This area is maintained to simulate a natural woodland in the Southeastern United States. Look down low for signs labeling many noteworthy species endemic to the area. Because a stream wanders through this area there is an abundance of Jewel Weed, a plant usually found near watery edges during southern summers. Jewel Weed was named for the fact that when you hold a leaf under water, the water beads up into silvery looking round shapes that look like "gems". It is also true that Jewel Weed is often found where Poison Ivy grows in abundance. PLEASE BE AWARE THAT POISON IVY GROWS IN THIS AREA. While Jewel Weed is technically a natural antidote to Poison Ivy in certain preparations, it is advised to simply stay away from the Poison Ivy. We have signs placed along the trails to help you identify it, but it's a good idea to stay in the center of the path so you don't brush against it.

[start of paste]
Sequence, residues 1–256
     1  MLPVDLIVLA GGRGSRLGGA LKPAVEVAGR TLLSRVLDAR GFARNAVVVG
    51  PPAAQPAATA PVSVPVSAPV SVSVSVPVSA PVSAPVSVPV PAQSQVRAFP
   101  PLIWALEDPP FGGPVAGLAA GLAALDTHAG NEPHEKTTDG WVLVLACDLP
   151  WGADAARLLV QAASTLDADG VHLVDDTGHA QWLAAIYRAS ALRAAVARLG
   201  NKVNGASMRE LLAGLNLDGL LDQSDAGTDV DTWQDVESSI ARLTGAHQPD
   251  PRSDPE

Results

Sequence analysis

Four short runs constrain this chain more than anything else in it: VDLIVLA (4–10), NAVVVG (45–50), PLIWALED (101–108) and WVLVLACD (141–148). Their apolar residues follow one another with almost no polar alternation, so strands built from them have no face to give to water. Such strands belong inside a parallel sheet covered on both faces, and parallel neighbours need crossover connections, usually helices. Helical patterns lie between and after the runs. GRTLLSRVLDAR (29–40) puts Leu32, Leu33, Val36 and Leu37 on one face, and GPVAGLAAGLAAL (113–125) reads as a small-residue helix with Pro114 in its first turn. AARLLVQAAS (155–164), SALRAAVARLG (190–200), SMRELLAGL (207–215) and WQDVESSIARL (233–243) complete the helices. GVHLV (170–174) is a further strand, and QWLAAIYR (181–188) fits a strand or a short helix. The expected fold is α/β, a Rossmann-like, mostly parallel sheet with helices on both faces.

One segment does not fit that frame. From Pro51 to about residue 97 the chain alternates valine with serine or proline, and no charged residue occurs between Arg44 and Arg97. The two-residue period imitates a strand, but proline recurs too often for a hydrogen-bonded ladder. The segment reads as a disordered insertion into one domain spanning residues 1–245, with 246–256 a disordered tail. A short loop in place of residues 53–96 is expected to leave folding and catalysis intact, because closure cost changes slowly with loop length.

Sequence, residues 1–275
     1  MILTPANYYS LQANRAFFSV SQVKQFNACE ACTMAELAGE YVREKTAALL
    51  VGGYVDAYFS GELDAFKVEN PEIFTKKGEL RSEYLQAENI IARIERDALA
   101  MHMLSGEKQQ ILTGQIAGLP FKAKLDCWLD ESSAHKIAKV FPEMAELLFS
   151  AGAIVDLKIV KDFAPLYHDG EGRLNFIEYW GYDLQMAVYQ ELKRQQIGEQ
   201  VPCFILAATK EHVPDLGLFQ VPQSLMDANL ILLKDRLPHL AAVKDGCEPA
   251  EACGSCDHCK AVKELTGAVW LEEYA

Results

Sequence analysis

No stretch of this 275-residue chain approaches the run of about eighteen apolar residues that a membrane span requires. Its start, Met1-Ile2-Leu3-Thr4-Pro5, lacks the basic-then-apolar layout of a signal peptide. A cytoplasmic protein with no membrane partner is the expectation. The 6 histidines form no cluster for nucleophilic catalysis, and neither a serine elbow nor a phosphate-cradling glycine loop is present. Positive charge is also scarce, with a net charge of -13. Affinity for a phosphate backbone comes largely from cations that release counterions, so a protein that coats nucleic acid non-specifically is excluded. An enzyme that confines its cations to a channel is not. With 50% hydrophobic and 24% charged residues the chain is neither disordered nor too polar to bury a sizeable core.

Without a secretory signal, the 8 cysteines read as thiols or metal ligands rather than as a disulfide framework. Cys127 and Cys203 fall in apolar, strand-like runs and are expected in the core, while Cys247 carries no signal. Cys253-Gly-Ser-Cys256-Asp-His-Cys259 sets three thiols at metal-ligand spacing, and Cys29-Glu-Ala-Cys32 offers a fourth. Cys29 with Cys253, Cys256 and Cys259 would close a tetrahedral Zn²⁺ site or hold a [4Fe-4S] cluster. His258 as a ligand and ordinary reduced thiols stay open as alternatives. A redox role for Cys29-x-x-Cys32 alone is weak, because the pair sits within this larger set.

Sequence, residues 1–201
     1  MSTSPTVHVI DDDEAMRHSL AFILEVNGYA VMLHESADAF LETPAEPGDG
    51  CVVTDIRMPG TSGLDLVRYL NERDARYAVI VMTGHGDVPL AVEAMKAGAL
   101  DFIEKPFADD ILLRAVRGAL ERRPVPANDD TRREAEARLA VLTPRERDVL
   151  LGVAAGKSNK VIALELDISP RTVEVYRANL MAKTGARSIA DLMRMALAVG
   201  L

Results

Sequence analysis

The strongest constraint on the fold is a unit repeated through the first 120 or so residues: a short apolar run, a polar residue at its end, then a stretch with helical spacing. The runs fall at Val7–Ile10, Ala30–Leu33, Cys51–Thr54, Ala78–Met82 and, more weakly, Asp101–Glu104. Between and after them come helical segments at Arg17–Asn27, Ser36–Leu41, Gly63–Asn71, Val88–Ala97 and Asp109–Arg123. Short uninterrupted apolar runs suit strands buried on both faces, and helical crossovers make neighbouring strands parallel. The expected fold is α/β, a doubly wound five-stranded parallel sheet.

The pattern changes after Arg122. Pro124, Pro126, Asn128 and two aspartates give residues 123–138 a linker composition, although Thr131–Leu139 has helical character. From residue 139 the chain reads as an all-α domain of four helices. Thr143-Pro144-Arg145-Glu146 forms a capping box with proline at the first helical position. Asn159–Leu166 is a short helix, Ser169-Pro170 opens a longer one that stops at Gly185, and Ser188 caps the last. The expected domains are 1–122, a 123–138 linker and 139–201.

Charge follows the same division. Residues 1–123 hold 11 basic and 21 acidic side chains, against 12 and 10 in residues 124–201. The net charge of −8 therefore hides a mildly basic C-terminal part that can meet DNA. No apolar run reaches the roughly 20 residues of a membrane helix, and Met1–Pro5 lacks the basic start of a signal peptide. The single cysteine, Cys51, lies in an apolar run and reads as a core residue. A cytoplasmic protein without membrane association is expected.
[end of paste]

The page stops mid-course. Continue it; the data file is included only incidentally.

Please enjoy the babbling brook that flows though the woodland, sit on the bridges and dangle your toes over the water. Wildflowers bloom in the spring, from late March through April along with the flowering Dogwoods. Red and Bottlebrush Buckeyes, native Hydrangeas, and Azaleas extend the colorful season through summer; and the changing foliage of the trees provide glorious color in the fall. Enjoy this special and less-structured space! It's a great first introduction to a forest environment for a city-dweller who has never visited a temperate deciduous southern forest.